Congratulations to violinist Augustin Hadelich, violist Richard O'Neill, the group Black Violin, as well as all the nominees announced Tuesday for the Recording Academy's 63nd Grammy Awards, which will take place January 31.
The Florida-based classical/hip-hop group Black Violin, featuring violinist Kevin Sylvester and violist Wilner Baptiste (who go by Kev Marcus and Wil B), was nominated in the category of "Best Contemporary Instrumental Album" for its recording "Take the Stairs." Keep reading...
I miss live music.
I do value the virtual and recorded music that I can still access -- through my various devices and a few good speakers. And of course, I have continued to "make music" in the ways that I can -- playing my violin alone, collaborating virtually, and teaching virtually.
Thanks to the live-music-starvation diet handed to me by the pandemic, though, I'm reaching a new appreciation for the profound difference between the live and virtual performance experience. Playing together over Zoom is not the same as the back-and-forth of playing a duet, in person, with one of my students. Virtual collaboration not the same as playing quartets in the living room. It's not the same as my lone violin voice becoming one with many in that giant organism that is the symphony orchestra.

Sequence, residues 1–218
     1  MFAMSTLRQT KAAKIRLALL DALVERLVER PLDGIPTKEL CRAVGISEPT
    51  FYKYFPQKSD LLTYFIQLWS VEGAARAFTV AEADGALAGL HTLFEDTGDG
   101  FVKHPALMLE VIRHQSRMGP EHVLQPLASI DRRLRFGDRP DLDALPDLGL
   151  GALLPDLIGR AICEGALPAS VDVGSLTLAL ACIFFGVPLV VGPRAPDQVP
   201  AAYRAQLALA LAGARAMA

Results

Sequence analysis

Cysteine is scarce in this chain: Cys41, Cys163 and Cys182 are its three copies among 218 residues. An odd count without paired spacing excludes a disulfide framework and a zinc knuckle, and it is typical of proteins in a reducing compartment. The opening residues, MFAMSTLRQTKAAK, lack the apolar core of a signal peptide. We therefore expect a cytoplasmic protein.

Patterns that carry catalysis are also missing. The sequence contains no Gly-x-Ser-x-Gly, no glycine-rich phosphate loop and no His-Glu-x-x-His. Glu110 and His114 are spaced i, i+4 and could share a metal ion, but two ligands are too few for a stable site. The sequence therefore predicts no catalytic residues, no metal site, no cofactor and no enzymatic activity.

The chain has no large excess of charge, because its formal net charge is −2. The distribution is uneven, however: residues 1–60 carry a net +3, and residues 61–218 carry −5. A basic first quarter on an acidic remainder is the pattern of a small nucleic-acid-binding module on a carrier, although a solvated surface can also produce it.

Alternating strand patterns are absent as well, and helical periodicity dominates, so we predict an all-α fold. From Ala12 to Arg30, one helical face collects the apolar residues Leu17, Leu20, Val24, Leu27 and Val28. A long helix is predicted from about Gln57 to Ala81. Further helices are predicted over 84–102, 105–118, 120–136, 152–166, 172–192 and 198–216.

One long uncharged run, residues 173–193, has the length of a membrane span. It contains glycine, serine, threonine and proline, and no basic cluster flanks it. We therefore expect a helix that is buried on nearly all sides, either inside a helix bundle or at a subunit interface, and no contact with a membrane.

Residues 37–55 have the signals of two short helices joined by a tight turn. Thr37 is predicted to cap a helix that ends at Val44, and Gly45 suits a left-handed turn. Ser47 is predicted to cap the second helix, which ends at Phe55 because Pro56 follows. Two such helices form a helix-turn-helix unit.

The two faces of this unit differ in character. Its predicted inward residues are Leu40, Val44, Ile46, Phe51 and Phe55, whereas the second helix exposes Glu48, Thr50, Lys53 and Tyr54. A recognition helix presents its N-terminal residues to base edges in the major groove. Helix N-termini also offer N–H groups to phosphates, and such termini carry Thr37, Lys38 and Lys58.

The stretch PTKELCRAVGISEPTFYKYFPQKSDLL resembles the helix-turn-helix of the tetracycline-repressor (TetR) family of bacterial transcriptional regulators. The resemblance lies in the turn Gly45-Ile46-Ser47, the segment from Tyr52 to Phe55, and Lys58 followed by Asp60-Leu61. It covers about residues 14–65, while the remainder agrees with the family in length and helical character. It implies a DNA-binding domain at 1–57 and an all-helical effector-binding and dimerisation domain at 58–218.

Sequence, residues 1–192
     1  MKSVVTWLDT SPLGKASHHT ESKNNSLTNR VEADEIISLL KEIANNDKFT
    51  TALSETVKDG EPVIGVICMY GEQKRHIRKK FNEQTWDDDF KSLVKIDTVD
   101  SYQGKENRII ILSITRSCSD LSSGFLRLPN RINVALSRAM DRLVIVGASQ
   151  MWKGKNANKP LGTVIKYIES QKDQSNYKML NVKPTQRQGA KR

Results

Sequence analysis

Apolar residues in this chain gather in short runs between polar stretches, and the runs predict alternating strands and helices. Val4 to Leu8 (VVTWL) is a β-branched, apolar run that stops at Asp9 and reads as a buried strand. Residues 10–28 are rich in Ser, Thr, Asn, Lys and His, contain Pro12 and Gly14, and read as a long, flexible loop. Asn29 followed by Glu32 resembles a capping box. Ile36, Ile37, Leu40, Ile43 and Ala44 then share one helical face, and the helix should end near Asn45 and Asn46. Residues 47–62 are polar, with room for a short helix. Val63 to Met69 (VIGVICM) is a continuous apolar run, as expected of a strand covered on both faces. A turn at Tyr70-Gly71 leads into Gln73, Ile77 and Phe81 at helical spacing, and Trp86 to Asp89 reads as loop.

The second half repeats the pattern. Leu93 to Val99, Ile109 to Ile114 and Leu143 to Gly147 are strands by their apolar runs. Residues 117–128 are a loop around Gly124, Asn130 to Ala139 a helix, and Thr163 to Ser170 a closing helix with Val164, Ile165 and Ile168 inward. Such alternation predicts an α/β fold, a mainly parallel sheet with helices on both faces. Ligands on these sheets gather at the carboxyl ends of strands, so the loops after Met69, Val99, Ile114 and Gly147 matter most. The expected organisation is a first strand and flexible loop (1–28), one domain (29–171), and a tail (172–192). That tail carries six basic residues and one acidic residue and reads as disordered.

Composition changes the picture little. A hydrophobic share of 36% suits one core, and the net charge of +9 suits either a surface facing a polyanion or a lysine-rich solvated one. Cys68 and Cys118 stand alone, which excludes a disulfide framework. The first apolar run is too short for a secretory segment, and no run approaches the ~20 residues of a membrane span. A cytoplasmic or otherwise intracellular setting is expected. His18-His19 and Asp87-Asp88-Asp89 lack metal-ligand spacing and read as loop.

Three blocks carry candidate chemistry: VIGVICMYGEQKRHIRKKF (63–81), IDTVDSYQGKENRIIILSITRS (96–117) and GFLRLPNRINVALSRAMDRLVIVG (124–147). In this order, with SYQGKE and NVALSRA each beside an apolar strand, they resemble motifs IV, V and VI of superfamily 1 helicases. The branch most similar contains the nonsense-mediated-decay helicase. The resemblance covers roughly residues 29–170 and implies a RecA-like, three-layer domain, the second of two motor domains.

And watching live-streamed performances is not the same as being part of a full audience, in one grand room, witnessing a musical performance together. And Zoom church - what I would give, just to sing in church again!
"Psychologically, there is a huge difference between an empty, silent room, and a room silent, with attentive, listening people," Anne-Sophie Mutter told me during a 2010 interview. "It's a totally different atmosphere, and in that atmosphere wonderful things can happen."
Absent that atmosphere, music-making can feel like an oddly lonely endeavor. Keep reading...Comments (6)
I've never seen a scientific study on the subject, but from my perspective, it would seem that many pieces in the repertoire - from concertos to symphonies - are generally played faster than they were when I was growing up last century. I know that not everyone has been on the planet for 50 or more years, but we all do listen to old recordings. What are your thoughts on the matter? I'm open to the idea that I'm being selective, and that tempos really haven't changed that much. But does anyone else feel this trend toward faster tempi? And whatever you feel the trend is, do you like it? Please participate in the vote, and then share your thoughts. If you agree that there is a trend, why is it happening? In what way is it happening? Do you have your own examples? Are there groups or certain conductors that you notice going faster or slower? And when do you enjoy a more brisk tempo? Is there a place for slower tempos? Comments (17)
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